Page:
When to Paint vs. When to Powder Coat Metal Components
Romtec designs and supplies many buildings, pavilions, and shelters that include exterior and interior metal components. On many projects, the color of the building and its features is a major area of interest toward getting the perfect building. When making choices about colors, customers will also need to choose between coloring methods, chiefly paint or powder coating. Each has its own advantages and disadvantages, and often times, knowing the difference can help each Romtec customer get a building that looks great and functions great too.
Everyone is familiar with paint and what it does, and paint offers several advantages for buildings. First, paint does not need to be factory applied and can be applied in the field. This can help contractors source paint locally or reuse existing paint supplies from other aspects of a project. Paint can also be applied to any type of material. Wood, plastic, and metal components can all be painted with the same paint to match. Powder coating requires an oven to melt and harden the powder coat, so any materials that can easily melt and burn cannot be powder coated.
Paint also carries its own negatives aspects. Paint is typically not as durable as a powder coat and can require multiple coats and a primer to build strength. These extra coats of paint and primer require more time and material to build more strength in the paint, and even then, it still may not perform as strong as a powder coat. Additionally, some types of paint are susceptible to chemical deterioration, such as from cleaning products, and UV fading. A solid water-based paint, however will resist fading in direct sunlight.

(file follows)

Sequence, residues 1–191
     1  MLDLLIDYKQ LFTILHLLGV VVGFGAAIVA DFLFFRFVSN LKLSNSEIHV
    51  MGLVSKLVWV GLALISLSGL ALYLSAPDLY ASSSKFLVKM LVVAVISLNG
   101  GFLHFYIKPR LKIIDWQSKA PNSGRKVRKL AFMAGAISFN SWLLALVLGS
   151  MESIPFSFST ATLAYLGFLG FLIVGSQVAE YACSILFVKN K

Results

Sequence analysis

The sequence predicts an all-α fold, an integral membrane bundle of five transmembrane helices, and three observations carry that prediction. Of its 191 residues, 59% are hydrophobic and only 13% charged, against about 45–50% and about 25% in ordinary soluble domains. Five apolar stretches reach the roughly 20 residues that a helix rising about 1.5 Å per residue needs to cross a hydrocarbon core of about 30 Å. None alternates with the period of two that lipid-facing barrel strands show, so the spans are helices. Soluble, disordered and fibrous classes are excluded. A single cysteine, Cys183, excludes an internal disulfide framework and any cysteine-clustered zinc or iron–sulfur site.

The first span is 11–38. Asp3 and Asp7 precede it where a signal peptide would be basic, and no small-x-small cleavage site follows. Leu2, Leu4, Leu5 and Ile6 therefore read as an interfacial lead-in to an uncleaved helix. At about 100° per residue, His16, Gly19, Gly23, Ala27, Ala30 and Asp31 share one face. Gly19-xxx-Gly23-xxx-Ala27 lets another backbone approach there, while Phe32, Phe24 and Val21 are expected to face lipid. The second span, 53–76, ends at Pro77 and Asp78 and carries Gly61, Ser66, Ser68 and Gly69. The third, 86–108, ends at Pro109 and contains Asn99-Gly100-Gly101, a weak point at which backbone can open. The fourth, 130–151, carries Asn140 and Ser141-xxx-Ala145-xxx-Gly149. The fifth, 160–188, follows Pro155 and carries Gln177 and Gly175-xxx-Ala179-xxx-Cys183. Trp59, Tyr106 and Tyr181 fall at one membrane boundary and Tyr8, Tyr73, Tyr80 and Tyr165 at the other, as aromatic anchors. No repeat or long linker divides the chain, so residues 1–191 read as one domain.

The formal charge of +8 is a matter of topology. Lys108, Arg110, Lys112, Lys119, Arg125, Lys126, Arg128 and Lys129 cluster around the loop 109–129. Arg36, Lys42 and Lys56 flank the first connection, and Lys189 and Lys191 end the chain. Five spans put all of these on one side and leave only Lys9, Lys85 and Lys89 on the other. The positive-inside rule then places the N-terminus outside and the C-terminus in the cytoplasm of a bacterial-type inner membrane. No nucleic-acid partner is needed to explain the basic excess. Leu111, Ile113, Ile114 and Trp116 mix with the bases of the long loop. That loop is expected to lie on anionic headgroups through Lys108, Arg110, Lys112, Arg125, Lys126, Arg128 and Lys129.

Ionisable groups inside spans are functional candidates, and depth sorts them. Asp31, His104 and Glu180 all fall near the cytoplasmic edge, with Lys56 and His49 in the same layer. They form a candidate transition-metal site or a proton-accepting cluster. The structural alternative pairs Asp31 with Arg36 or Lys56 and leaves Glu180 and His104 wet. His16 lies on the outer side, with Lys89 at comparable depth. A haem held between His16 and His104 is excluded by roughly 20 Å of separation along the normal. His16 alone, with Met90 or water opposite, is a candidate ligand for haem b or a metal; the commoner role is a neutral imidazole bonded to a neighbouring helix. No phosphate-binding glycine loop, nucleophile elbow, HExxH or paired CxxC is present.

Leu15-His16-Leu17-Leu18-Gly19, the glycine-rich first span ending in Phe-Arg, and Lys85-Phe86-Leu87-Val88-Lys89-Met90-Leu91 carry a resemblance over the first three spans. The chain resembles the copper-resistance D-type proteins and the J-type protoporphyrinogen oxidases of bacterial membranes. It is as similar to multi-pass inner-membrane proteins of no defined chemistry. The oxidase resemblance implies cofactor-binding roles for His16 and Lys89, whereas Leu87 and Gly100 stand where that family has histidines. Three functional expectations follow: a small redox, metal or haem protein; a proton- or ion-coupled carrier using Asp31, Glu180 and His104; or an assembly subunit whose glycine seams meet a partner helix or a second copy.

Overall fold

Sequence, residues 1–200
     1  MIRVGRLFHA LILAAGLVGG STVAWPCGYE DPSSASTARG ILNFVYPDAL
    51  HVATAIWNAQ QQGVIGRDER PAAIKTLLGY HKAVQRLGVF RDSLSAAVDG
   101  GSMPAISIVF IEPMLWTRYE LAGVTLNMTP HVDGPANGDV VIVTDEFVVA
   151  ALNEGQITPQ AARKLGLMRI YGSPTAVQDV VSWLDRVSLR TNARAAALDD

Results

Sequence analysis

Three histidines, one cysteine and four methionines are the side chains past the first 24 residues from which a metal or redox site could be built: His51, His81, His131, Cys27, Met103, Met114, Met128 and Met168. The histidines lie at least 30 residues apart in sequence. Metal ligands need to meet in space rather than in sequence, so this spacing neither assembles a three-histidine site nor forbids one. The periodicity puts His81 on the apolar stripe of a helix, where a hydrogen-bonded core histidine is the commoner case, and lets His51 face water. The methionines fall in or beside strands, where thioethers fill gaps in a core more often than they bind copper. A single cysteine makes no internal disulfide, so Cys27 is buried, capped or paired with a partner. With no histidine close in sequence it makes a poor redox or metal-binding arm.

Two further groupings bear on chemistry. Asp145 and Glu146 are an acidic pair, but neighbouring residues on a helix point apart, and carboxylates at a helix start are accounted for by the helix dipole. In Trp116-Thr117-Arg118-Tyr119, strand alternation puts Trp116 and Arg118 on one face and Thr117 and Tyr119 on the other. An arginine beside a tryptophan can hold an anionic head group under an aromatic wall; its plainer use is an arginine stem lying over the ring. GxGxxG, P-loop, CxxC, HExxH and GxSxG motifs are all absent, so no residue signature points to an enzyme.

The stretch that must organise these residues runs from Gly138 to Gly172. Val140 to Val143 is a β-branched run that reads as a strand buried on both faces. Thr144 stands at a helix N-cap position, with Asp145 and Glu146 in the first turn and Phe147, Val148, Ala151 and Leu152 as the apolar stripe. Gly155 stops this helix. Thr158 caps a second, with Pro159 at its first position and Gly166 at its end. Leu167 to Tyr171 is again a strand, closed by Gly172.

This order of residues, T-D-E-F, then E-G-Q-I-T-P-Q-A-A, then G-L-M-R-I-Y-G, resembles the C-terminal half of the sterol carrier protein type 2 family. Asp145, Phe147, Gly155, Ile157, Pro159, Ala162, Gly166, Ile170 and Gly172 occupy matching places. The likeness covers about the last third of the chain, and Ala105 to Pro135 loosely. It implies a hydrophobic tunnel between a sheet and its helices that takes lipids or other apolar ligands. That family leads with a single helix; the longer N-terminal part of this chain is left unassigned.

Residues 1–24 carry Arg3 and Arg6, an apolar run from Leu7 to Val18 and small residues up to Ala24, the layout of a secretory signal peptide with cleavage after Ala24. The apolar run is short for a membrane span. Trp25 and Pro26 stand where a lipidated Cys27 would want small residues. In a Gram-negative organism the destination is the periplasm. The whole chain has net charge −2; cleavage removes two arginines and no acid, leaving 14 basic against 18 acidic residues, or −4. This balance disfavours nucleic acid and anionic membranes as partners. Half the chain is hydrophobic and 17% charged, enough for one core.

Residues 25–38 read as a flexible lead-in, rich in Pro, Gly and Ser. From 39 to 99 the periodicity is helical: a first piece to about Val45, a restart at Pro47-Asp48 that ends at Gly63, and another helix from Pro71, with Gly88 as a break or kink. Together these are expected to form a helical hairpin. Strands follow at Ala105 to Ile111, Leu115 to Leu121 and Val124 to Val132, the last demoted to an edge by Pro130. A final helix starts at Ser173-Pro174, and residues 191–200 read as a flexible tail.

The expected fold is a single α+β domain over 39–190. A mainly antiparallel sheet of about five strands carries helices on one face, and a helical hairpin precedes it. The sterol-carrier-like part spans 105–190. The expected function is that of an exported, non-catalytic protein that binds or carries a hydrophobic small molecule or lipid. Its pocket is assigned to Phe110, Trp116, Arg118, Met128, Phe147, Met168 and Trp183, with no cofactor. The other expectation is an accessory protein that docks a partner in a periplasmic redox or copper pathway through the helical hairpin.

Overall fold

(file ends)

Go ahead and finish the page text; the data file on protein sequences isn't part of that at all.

Powder Coating is applied as a powder, as the name indicates, and is baked on as a single coat. This process creates a durable “shell” that is chemically bound as a single, strong layer. Powder Coating tends to be thicker and more dense than paint, making a more durable color coating for metal components. Powder coating can also be more diverse than paint because different textures and colors can be achieved through different powder materials.
Powder coating has some drawbacks, however. It cannot be applied in the field, so all powder coated materials must be factory applied and shipped to the installation site. This process can add cost, especially for smaller components due to requiring the same space, equipment, and cure times as large objects. Finally, powder coating cannot be easily “touched up” or color matched. If powder coated components are damaged. It can be difficult to achieve a “finished” look short of sending the components back for reapplication.
Romtec provides metal components with both paint and powder coating, and both options carry several strengths and drawbacks. Choosing the best option will depend on your specific project goals. Talk to Romtec today to get your project started and we will help get you the best building possible with painted or powder coated materials.